She was always ready to drop a book for a romp with Pat Patterson. Bounding about the deck together, they looked like a greyhound and a St. Bernard—she slim and alert, he with his rough hair tumbling over his merry, freckled face. Often their games ended by her stalking away with Honey-Sweet, in offended dignity. Pat was such a tease! "Isn't that a pretty doll?" he said one day, with suspicious earnestness. "I say, lend her to me awhile, Anne." Anne objected. "Oh, you Anne! You wouldn't be selfish, would you?" wheedled Pat. "Didn't I lend you my bow and arrows yesterday? And I always give you half my macaroons. Just hand her over for a minute. Let me see the color of her eyes." "You know they are blue—like the story-book princess,—'her eyes were as bright and as blue as the sky above the summer sea,'" quoted Anne, reluctantly letting him take her pet. "Blue they are. D'ye know, Anne, I think she'd make a capital William Tell's child. Don't believe she'd be afraid for me to shoot the apple off her head. Let's see." Before Anne could interfere, Pat had suspended Honey-Sweet to a hook out of her reach. A ball of string was fixed on her head by means of a wad of chewing-gum. Then Pat stepped back, drew his bow, and made a great show of aiming his arrow at the pretended apple. "How brave she is! She does not wink an eyelid," he said solemnly. "To think! to think! If me aim be not true, I'll ki-ill me child," he exclaimed, shaking with mock fear and dismay. "Oh, Pat, Pat, don't!" implored Anne, grasping his arm. "Away, away!" said Pat, drawing back. "Me heart failed but for a moment. William Tell is himself once more. Behold!" And he took aim again. "Stop him! stop him! Don't let him shoot Honey-Sweet!" cried Anne. Miss Drayton looked up quickly from her book. "Patrick Henry Patterson!" she said severely. "Shame on you! Stop teasing that child. Give her the doll this instant—this instant, sir!" Anne hugged her regained pet and walked away, carefully avoiding Pat's mischievous eyes. A few minutes later, a bag of macaroons slipped over her shoulder, and a merry voice announced: "William Tell gives this to his br-rave, beloved child." And before Anne could speak, Pat was gone to join some other boys in a game of ring toss. With a forgiving smile at him, she sauntered on and stood gazing over the railing at the motley crowd in the steerage. She was looking for the Irish mother with three curly-haired children. She wanted to share her macaroons with them. They always looked hungry, and it was really as much fun to throw them bonbons as to feed the greedy little squirrels in Central Park. The children were not in sight, however, and Anne loitered, leaning on the rail. She felt rather than saw some one watching her. Looking down, she met for a fleeting second the dark, intent eyes of a steerage passenger, a man in a coarse shirt and blue overalls. His face —as much of it as she could see under the broad soft hat pulled over the eyes—was covered with a dark scrubby beard. On a sudden impulse, Anne leaned forward and called in her clear little voice: "Here, you man in blue overalls! catch!" The man started violently, and the macaroons rolled on the deck. He leaned forward and seemed intent on picking up the fragments, but his hand shook so that it was slow work. "Thank you, little lady," he said after awhile, in a gruff voice. "I hope you have good friends." "Indeed, I have. Have you?" Perhaps he did not hear her. At all events, he moved quickly away, without raising his head. Then Pat came, calling Anne. He wanted her to hear what a man was telling about the headlands that were beginning to take form on the horizon. Their voyage was almost over. In a few hours, they would reach Liverpool. The dock was entered at last and with as little delay as possible Mrs. Patterson's party drove to the Roxton Hotel. No one noticed that the carriage was followed closely by a shabby cab. Unseen, its passenger—a man in blue overalls with a soft hat pulled over his eyes—watched the little party enter the hotel. Then he alighted, paid his fare, shouldered his canvas travelling bag, and disappeared down a dingy street.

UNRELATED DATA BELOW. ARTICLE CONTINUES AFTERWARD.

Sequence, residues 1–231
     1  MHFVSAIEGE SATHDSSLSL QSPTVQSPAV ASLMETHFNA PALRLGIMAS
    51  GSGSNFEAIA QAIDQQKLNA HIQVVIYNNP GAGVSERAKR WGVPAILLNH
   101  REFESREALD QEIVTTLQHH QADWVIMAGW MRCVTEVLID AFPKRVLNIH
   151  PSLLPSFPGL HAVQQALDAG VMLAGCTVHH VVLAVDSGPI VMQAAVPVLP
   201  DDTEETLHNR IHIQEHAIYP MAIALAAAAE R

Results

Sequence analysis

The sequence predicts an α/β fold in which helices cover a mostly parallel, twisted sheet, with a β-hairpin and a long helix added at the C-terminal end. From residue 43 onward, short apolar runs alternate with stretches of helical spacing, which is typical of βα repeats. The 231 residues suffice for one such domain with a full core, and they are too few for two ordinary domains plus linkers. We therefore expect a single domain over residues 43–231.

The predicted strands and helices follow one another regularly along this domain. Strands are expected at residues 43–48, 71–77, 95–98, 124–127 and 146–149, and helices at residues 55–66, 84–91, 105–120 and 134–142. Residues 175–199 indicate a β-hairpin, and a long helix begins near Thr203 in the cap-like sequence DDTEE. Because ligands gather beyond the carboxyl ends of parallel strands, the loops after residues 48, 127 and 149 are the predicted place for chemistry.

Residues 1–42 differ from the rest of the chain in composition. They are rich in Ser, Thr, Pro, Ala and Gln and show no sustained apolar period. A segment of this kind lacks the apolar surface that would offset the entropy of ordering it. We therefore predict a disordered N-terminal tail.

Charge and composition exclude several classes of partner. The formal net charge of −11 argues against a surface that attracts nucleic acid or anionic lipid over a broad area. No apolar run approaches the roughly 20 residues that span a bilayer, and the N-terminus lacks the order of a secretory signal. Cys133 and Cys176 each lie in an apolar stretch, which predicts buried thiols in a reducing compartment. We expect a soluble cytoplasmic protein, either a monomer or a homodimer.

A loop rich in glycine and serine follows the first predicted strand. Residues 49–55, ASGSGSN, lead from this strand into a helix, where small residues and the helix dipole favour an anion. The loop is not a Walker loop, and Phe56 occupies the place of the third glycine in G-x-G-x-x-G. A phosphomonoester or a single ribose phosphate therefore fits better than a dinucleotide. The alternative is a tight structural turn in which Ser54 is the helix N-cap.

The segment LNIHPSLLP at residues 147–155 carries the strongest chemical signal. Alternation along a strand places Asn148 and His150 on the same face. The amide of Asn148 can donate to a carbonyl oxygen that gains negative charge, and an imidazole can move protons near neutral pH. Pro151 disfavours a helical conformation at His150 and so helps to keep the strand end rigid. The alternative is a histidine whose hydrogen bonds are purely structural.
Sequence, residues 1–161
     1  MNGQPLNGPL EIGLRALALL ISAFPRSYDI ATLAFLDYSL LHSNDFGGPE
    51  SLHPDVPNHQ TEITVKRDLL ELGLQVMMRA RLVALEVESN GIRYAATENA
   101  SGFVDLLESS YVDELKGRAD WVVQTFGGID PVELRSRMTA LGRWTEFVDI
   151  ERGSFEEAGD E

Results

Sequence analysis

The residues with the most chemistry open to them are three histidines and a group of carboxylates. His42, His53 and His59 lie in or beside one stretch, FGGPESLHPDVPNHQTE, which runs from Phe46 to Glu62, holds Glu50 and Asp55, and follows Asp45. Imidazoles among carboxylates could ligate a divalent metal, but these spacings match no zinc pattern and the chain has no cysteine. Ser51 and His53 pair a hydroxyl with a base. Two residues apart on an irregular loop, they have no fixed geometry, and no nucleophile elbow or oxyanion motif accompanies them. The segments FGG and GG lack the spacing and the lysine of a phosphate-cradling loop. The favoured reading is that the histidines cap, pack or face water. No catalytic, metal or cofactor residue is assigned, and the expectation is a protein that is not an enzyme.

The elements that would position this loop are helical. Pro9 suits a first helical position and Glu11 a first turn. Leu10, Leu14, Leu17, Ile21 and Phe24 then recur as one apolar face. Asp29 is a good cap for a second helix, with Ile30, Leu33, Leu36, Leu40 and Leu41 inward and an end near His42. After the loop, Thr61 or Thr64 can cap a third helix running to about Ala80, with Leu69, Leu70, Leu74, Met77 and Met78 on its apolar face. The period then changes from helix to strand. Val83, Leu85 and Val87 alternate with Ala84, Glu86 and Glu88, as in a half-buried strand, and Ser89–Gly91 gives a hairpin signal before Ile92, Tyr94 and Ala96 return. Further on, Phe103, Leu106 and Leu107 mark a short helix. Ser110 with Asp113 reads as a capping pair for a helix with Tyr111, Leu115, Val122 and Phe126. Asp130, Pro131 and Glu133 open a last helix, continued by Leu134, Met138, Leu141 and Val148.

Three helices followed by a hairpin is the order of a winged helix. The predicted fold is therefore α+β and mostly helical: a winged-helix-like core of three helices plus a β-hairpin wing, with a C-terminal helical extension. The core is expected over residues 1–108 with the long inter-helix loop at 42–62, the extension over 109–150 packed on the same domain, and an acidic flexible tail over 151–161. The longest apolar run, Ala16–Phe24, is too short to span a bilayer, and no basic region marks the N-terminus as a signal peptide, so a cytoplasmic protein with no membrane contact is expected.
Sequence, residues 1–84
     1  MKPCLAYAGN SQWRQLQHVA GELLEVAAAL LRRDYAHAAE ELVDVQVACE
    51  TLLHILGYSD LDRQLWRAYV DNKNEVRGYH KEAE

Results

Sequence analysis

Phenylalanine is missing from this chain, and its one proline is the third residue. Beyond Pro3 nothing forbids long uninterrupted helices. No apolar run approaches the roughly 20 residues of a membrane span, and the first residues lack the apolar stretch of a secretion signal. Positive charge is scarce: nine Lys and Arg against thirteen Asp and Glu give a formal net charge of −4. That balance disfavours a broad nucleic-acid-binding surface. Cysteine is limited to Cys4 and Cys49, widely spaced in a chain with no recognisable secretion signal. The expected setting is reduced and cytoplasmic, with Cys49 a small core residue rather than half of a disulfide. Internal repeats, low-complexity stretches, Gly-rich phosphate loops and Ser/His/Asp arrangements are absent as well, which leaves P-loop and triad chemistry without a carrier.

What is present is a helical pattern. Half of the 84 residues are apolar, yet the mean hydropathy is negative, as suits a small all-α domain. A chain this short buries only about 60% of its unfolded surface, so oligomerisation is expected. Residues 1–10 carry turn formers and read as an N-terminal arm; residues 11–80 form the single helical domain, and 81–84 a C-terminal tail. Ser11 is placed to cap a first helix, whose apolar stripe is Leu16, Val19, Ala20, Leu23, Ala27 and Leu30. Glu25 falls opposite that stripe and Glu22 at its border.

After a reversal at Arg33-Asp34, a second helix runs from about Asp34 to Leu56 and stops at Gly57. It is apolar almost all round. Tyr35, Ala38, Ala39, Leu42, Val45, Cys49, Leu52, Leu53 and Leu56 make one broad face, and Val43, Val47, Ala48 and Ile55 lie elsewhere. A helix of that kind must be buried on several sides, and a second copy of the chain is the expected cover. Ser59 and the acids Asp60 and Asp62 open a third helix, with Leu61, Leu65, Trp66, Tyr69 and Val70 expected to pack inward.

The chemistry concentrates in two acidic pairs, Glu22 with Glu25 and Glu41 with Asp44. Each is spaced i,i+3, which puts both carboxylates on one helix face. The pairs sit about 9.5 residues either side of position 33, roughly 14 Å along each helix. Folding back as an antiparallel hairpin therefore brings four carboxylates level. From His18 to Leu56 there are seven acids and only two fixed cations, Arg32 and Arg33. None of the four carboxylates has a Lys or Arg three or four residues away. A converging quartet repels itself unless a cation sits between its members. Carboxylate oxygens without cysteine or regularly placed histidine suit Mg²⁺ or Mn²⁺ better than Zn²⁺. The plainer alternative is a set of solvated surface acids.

CHAPTER VI "What news for Anne?" wondered Miss Drayton as they drove to their hotel. Captain Wards had sent a wireless message to the New York chief of police, asking that Anne's relatives be informed of her whereabouts and that tidings of them be sent to Miss Drayton at the Roxton Hotel in Liverpool. Awaiting her,